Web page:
Connecting state and local government leaders
Ted Wheeler says that if the HUD secretary thinks government should take a passive role, he “should step aside and allow someone up to the task to lead.”
Ted Wheeler, the mayor of Portland, Oregon, is not happy with comments Housing and Urban Development Secretary Ben Carson made this week saying that local leaders in cities struggling with homelessness, especially those on the West Coast, shouldn’t expect government to provide all the solutions.
"We just need to move a little bit away from the concept that only the government can solve this problem by throwing more money at it," Carson said, according to National Public Radio.
That touched a nerve with Wheeler, who took to Twitter to respond. The mayor said that while addressing homelessness requires a cross-sector approach and involvement of multiple stakeholders, government can’t take a passive role in finding solutions. That includes the department Carson oversees.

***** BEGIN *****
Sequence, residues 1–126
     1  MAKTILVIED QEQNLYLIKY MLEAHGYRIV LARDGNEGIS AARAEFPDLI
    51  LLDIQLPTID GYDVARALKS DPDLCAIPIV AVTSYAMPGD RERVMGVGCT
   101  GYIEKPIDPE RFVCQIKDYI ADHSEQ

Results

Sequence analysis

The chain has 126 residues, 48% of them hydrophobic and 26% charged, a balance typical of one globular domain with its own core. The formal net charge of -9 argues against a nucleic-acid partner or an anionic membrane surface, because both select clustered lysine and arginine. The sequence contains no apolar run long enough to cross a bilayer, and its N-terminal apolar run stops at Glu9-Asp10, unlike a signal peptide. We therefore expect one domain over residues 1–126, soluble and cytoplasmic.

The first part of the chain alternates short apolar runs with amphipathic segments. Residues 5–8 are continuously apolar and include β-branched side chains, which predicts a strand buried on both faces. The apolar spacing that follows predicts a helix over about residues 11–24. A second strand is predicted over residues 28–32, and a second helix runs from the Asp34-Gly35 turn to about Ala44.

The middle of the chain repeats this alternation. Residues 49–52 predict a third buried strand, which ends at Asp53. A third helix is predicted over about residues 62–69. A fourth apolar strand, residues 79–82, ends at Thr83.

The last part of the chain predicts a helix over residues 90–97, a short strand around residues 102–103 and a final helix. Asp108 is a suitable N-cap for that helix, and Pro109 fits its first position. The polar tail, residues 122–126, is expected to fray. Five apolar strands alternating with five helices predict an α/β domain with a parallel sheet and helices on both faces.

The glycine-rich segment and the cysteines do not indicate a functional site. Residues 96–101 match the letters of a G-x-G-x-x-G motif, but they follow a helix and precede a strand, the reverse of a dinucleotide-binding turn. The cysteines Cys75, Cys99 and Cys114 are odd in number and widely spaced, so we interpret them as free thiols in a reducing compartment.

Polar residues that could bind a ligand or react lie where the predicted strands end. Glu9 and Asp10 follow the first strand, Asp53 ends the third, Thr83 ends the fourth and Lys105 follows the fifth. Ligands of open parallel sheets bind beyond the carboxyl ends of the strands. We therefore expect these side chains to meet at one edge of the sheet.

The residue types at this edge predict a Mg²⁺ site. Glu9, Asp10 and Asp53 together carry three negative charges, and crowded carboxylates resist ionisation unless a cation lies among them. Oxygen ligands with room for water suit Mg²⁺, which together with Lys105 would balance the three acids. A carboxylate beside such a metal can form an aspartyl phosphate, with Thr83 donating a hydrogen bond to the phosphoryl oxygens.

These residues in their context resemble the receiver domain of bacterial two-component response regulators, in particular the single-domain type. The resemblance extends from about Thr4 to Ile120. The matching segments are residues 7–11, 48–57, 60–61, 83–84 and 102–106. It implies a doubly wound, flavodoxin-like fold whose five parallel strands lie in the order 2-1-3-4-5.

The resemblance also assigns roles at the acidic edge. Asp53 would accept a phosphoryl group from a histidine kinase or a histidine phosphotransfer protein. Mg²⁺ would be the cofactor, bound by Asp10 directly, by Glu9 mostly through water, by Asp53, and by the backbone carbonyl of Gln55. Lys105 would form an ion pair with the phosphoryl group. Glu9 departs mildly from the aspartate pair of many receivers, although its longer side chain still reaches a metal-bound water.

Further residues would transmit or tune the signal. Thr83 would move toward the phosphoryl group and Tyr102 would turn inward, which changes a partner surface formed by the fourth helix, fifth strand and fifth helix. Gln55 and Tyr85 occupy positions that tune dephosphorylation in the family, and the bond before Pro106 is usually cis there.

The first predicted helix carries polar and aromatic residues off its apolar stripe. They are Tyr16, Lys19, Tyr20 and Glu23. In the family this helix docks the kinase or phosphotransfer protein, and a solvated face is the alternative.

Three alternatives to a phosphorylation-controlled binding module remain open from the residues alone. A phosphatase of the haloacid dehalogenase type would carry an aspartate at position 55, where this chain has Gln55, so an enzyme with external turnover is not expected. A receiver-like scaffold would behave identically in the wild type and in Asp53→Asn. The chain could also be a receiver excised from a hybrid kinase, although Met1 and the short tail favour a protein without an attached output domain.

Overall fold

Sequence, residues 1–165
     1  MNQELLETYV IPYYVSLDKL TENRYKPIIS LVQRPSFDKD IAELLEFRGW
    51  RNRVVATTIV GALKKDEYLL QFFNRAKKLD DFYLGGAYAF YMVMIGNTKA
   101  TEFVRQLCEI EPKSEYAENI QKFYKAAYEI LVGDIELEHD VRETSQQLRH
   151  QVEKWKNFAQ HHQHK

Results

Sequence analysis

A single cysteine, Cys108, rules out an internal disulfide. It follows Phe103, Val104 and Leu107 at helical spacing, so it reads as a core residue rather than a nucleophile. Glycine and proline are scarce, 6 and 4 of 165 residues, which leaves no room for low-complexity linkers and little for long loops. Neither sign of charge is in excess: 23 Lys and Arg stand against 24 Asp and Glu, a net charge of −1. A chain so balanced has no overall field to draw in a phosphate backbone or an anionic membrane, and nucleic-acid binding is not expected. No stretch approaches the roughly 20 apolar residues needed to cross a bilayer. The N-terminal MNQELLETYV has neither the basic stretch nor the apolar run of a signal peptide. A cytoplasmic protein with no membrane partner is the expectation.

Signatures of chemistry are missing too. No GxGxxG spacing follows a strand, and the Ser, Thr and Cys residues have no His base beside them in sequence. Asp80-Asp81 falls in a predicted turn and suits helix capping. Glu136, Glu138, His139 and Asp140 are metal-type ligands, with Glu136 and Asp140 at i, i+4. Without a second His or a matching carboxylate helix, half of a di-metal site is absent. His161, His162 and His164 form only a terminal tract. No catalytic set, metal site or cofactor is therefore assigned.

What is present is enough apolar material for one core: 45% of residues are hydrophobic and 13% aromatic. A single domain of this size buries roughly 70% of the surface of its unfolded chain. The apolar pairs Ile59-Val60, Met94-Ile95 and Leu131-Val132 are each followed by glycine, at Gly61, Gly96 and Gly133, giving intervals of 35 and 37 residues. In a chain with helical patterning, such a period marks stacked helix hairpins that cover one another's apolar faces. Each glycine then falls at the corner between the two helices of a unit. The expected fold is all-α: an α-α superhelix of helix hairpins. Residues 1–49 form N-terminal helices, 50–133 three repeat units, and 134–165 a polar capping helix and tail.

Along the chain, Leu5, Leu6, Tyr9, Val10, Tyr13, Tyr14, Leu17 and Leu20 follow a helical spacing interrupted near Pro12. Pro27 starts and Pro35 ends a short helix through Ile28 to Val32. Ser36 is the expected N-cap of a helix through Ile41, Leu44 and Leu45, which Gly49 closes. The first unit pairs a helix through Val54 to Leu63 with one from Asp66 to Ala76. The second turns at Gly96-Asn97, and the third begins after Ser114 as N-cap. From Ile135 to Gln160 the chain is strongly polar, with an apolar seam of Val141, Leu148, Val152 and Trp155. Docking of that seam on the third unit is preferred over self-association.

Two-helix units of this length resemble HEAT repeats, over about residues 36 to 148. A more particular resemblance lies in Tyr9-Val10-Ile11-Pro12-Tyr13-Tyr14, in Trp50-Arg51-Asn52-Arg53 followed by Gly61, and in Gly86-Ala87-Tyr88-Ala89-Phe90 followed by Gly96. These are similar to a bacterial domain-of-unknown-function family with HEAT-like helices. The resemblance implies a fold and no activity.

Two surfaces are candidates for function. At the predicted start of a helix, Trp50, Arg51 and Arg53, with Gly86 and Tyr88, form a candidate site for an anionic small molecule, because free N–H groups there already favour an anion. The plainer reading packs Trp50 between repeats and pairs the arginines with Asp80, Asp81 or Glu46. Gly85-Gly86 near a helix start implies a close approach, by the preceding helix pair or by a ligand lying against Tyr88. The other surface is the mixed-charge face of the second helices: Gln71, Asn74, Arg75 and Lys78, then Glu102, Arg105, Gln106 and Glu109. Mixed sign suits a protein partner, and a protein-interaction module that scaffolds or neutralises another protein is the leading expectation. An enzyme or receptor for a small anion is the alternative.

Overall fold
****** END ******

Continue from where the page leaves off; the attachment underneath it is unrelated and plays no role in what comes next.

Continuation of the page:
Instead, Wheeler noted, the Trump administration has made it more difficult for cities to pursue meaningful ways to address the difficult problems associated with homelessness.
Carson’s comments were made during a conference call with reporters where new statistics about homelessness in states and metropolitan areas, which show increases in the number of unsheltered individuals in many jurisdictions.
As Route Fifty reported Wednesday, HUD officials declined to comment on federal budget proposals that would cut funding for Carson’s department, something that has caused great concern among housing advocates and others who work on homelessness policy.
Wheeler’s string of tweets noted that despite the ongoing intergovernmental struggles on homelessness, his city is “still stepping up,” including a newly approved project that includes 203 multi-family units that includes permanent supportive housing and Veteran Affairs Supportive Housing.
Wheeler concluded his Twitter thread saying that if Carson thinks government can’t provide solutions, he’s in the wrong line of work.
Michael Grass is Executive Editor of Government Executive’s Route Fifty and is based in Seattle.
NEXT STORY: New Hampshire first to opt-out of FirstNet